China Airborne is a slight misnomer of a title — implying the usual indomitable success stories about China’s recent economic growth. These are plentiful: gushing portrayals of new airports from Tom Friedman, warnings from Niall Ferguson or even Tom Siebel (part of this itunes lecture, admittedly given in darker US economic days of 2009.)
Fallows’ mixed work — it is repetitive at times and meanders too much around personal experiences in ways to my taste others such as Robert Kaplan do better — takes a different approach. It wonders if Chinese economic progress may be capped by its controlled, state-centered approach. Fallows is an avid pilot. Is China capable of creating a high value industry such as the Airlines? The question is treated at all levels: production of planes, placement of airports, training of pilots, control (now largely military) of Chinese airspace?
While he concludes that someone who answers authoritatively the question either knows much less or much more than him, the strong hints are he believes not. The complexity of airplane development is one thread of the book, and sometimes comic state control from make work jobs to his own confrontations with police.
If you have four pages to read they are pages 92-96: “Apex Industries” and escaping the smiley curve. The smiley curve represents a U shape of profit margins. Brands and high value development are one, profitable edge of the “U” and high end retail and service are the other, where China is stuck at the bottom. The compelling data is that trade deficits mask a lot of this phenomena – the entire iphone is represented as part of a Chinese trade deficit as a finished product but at best less than a tenth of the profit goes to China for example.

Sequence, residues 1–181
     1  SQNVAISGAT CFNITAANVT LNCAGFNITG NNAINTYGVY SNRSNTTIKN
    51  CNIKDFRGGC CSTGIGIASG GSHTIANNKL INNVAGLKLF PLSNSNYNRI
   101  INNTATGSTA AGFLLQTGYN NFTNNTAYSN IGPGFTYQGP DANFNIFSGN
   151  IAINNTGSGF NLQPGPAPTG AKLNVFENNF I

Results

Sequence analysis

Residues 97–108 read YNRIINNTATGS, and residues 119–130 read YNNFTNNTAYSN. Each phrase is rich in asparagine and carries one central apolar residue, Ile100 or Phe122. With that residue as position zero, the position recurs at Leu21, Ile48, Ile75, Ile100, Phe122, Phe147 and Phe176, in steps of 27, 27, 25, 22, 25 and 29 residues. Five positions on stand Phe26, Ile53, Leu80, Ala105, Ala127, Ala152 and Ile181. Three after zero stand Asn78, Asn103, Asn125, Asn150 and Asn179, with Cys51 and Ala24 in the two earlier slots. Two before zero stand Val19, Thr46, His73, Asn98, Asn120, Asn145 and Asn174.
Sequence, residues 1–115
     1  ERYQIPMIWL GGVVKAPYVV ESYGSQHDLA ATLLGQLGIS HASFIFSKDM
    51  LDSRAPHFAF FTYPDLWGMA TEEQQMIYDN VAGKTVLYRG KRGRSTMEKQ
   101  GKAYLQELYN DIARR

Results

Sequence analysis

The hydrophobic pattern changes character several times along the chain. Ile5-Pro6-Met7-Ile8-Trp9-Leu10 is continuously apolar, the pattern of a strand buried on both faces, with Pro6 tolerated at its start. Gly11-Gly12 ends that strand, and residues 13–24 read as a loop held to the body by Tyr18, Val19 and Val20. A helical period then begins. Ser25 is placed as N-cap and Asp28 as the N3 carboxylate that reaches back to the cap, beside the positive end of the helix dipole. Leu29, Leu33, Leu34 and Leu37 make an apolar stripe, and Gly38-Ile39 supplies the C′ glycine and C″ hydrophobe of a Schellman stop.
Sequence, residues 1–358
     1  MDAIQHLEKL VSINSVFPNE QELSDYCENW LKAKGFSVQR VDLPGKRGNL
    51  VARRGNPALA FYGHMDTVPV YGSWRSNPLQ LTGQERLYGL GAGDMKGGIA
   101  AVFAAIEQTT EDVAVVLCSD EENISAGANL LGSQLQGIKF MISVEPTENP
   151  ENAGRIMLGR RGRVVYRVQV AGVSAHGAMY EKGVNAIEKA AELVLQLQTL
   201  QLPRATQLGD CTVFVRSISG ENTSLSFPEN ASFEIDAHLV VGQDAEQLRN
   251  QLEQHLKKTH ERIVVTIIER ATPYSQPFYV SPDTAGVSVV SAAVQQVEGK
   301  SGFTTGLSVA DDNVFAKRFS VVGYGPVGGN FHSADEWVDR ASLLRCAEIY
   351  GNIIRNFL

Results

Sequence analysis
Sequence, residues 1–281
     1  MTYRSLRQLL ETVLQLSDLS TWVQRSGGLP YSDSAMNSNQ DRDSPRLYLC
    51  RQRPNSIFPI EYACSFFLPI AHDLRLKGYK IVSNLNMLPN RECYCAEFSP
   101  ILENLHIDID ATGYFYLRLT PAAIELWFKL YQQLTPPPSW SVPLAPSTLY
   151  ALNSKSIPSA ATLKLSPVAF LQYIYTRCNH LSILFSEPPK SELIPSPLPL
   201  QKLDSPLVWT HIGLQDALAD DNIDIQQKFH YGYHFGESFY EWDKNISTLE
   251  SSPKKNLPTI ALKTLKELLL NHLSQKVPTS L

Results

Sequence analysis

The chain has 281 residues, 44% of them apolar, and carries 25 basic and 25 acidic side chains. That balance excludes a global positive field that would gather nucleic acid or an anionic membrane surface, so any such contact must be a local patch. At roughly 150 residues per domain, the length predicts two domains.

An Apex industry is drawn from biology’s “apex predator”: the lion on the savanna whose presence depends on layers of prey below them on the food chain. If they’re there, the whole ecosystem is in good shape. Aviation is obviously one of those apexes, biotech might be a natural other one. Here the book tantalizingly ignores a more full investigation into the state of university systems (rampant cheating and poor if voluminous paper production in China has them nearly outside the global academic community.) It also discusses the state firewall and gives anecdotes of the war against Google. Had these been more fully explored the book might have made a greater impact than it did in publication this year.
The verdict on Boeing (BA $69) is unclear — though he provides a lens on the history of aviation one doesn’t find elsewhere, including early Chinese aviation pioneers in the Sun Yat-Sen era. Several analysts discuss the enormous mistake Boeing has made in the outsourcing of much of the value chain — but this also hints at strong value to be found in General Electric (GE $23) engines; GE spends $2 billion annually on engine R&D he claims compared to $300 million in all of China.